In January, The Wall Street Journal reported that Ant was planning to fall fully in line with China’s financial regulations by turning itself into a financial holding company, essentially subjecting Ant to regulations similar to those governing banks. The directive follows an intense regulatory assault on Mr. Ma’s business empire that began with the suspension of the company’s blockbuster initial public offering in November. Ant had been on track to sell more than $34 billion worth of stock and list on stock exchanges in Hong Kong and Shanghai, when Beijing pulled the plug on the deal after Mr. Ma criticized financial regulators in a public speech.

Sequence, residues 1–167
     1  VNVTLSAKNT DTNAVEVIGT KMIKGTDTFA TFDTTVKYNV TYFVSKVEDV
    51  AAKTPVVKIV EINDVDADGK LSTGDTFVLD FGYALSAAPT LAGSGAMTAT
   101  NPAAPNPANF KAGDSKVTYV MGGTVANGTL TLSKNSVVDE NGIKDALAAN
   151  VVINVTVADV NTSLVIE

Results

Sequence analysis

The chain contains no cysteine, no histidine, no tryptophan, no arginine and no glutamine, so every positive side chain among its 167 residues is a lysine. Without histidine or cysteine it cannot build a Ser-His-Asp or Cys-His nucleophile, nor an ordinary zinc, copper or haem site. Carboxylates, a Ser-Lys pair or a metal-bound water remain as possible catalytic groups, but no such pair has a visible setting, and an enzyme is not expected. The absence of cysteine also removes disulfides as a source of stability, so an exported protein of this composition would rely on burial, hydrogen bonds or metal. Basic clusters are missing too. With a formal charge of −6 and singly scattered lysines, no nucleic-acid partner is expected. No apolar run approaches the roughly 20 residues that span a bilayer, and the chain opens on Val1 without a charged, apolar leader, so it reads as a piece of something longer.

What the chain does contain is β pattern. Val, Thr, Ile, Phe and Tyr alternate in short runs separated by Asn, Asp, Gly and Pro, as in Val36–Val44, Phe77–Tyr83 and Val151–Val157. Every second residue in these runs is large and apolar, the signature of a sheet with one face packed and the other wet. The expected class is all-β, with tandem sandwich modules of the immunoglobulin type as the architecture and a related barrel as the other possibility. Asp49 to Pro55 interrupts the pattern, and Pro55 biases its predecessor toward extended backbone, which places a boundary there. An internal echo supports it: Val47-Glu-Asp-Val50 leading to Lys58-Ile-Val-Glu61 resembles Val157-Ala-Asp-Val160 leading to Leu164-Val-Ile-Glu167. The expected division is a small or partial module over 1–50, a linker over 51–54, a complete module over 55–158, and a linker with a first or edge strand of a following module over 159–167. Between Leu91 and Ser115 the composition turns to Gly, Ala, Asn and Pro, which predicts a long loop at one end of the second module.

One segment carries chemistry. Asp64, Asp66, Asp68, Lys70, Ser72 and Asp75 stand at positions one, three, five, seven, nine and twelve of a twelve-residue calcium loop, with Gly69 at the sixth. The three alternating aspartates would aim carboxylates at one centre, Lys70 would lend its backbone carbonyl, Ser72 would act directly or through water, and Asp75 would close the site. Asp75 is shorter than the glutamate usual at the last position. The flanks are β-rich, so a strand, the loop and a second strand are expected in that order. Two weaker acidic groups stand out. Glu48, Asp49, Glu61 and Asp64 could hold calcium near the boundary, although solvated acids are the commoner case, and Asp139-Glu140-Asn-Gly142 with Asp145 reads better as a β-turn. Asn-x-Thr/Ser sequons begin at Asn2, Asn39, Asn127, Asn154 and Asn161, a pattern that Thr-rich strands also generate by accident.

Ant, which owns the ubiquitous mobile payment and lifestyle app Alipay, will have to correct what regulators called unfair competition in its payments business and improve its corporate governance. The Hangzhou-based company will have to reduce the liquidity risks of its investment products and shrink the assets under management of Yu’e Bao, its giant money-market mutual fund. Ant will also be required to break an “information monopoly” on the vast and detailed consumer data it has collected, the central bank said.
News Highlights Business
- Jack Ma’s Ant Group bows to Beijing with company review
- Check all news and articles from the Business news updates.